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Authors: Roberta Gellis

Fires of Winter


Copyright © 1987, 2011 by Roberta Gellis

Cover and internal design © 2011 by Sourcebooks, Inc.

Cover illustration by Franco Accornero

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All rights reserved. No part of this book may be reproduced in any form or by any electronic or mechanical means including information storage and retrieval systems—except in the case of brief quotations embodied in critical articles or reviews—without permission in writing from its publisher, Sourcebooks, Inc.

The characters and events portrayed in this book are fictitious or are used fictitiously. Any similarity to real persons, living or dead, is purely coincidental and not intended by the author.

Published by Sourcebooks Casablanca, an imprint of Sourcebooks, Inc.

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Originally published in 1987 by The Berkley Publishing Group, New York.

Library of Congress Cataloging-in-Publication data is on file with the publisher.

To Bertrice Small, who has emailed me comfort,
practical advice, and clever ideas for coping,
I will be eternally grateful.
Chapter 1


My mother was a castle whore. My father, Sir William Fermain, holder of Jernaeve keep, took the whore Berta to his bed in spite of his wife. That poor lady had borne my father a third daughter who survived only a few hours, like the other babes before her. Once her lord had taken her, my mother touched no other man, and in the third month of her master's keeping she conceived me. Moreover, even after the lord called her to him no more, she remained chaste, and for the whole time she suckled me also.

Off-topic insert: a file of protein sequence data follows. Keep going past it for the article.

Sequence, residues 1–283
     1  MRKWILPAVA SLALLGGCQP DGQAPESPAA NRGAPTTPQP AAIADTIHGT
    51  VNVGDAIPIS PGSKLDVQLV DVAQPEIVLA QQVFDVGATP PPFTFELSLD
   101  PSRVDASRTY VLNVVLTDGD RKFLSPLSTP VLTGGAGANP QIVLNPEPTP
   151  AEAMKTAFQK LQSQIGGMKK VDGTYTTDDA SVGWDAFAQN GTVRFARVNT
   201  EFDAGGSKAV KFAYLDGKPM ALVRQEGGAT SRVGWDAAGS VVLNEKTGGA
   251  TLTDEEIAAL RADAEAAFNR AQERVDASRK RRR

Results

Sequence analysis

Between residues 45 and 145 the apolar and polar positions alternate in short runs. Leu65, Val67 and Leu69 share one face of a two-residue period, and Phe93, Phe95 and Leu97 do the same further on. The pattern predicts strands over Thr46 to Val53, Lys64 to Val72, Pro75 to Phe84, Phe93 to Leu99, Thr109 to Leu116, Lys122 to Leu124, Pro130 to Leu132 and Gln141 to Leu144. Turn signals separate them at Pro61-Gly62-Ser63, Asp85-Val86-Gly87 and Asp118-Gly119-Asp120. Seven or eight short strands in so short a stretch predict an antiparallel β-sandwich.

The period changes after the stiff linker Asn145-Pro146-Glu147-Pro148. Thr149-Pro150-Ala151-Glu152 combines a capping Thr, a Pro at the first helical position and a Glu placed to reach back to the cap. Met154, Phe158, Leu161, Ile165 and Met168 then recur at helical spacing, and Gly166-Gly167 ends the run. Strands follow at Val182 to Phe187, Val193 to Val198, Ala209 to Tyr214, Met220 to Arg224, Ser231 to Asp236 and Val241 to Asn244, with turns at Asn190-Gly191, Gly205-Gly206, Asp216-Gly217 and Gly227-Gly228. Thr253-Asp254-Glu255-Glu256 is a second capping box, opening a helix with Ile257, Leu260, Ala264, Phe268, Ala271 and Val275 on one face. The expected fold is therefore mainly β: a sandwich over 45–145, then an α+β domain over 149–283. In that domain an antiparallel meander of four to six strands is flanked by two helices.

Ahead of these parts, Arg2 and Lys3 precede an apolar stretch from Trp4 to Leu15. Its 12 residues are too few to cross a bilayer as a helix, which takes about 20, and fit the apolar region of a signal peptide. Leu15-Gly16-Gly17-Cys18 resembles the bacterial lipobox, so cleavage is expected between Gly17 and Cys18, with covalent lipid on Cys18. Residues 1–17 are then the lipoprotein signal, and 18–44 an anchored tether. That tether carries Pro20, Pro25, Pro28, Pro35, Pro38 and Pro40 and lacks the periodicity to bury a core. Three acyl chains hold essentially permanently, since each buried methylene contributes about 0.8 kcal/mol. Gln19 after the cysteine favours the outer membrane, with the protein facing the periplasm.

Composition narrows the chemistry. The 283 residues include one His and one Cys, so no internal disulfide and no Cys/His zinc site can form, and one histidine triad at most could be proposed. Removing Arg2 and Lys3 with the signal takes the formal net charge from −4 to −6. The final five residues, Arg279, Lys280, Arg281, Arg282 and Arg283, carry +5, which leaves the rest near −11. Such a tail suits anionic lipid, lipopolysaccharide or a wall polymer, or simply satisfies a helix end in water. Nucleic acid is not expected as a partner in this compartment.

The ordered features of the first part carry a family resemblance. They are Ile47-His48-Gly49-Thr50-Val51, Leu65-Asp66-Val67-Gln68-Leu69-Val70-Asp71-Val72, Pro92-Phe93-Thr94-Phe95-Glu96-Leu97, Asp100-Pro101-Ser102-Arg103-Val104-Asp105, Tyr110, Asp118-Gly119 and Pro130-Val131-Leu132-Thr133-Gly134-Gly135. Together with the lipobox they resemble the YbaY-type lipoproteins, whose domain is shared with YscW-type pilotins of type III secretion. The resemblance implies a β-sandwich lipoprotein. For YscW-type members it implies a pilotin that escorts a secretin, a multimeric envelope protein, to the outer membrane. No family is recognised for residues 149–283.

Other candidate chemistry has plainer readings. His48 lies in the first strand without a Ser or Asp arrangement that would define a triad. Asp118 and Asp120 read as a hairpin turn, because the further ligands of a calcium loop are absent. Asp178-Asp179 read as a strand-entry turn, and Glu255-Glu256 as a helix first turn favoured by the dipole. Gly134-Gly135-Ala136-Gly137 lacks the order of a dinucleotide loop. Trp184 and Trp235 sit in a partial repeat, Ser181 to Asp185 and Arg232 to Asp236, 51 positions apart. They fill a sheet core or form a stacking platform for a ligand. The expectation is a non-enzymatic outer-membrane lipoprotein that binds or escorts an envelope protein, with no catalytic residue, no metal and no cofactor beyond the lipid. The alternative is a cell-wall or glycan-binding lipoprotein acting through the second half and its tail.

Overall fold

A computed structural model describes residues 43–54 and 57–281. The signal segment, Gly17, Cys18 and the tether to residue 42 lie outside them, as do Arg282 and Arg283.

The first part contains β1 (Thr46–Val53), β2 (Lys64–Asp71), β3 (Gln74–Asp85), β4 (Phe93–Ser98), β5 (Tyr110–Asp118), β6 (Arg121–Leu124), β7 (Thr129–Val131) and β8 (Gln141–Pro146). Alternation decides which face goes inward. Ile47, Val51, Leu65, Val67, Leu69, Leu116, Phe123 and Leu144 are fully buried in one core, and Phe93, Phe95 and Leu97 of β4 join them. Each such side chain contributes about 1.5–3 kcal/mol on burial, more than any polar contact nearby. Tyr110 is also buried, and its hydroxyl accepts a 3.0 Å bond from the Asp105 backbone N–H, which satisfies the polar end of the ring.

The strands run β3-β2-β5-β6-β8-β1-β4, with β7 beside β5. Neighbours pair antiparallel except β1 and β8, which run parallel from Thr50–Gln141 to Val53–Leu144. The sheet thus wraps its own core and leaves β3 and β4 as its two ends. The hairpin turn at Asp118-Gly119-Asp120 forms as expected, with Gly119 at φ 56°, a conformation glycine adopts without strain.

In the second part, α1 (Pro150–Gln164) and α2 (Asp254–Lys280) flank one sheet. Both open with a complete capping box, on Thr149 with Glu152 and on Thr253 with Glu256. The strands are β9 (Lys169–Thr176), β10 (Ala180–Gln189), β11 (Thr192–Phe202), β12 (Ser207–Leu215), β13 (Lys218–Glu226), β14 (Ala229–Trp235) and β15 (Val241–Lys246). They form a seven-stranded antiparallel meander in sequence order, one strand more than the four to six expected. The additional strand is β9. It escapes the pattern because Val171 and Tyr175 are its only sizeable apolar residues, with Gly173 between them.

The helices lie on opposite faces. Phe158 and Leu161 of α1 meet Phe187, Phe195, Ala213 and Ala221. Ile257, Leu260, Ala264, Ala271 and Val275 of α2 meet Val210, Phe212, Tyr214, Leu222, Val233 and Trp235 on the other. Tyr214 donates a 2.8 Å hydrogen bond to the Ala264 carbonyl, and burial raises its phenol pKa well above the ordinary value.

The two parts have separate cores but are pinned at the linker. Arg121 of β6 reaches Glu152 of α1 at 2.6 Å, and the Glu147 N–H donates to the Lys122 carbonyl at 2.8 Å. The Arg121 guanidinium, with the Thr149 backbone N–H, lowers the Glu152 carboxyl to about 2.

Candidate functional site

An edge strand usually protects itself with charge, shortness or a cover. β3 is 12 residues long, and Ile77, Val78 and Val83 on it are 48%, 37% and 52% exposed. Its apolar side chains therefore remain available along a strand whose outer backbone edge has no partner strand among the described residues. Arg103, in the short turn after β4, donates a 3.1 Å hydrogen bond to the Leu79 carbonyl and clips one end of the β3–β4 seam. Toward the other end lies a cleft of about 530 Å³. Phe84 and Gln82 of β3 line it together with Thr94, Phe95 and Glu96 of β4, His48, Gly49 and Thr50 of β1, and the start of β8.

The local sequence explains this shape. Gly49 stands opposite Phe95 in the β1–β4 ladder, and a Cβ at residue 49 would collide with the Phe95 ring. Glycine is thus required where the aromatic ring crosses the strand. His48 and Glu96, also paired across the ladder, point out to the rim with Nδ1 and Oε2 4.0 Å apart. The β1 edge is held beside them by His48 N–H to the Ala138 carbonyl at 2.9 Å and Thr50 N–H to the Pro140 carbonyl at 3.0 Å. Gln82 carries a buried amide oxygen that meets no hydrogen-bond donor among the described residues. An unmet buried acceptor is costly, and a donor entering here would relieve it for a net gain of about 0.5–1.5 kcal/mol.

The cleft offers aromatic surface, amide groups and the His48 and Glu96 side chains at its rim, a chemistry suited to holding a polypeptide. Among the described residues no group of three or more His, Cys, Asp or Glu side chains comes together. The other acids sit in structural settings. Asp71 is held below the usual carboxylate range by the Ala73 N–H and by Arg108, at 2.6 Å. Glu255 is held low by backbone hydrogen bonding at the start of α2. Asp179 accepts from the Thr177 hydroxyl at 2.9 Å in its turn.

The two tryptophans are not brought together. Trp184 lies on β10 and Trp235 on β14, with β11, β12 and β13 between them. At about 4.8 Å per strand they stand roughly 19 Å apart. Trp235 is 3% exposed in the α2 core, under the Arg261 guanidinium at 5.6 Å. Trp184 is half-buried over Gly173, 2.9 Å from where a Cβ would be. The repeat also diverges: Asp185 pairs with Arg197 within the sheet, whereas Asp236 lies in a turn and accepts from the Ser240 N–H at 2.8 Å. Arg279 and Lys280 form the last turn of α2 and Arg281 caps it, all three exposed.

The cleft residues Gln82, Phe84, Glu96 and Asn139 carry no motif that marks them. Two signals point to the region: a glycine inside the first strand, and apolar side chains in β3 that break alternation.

My mother, like most of the people of Jernaeve and the lands beholden to it, was fair of hair and light of eye, but I am dark—like my father. Yet, because my mother was what she was, he would not acknowledge me even as a bastard of his get.

I only learned these things later. When I was very young, three or four years old, I only knew that the dark man in fine clothing hated me, and that if I ran or hid or wept, I would be beaten, but if I defied him or fought him, he would only cuff me once or twice and then let me be. I am accounted a brave man. I learned that from my father's handling—but there are better ways to learn.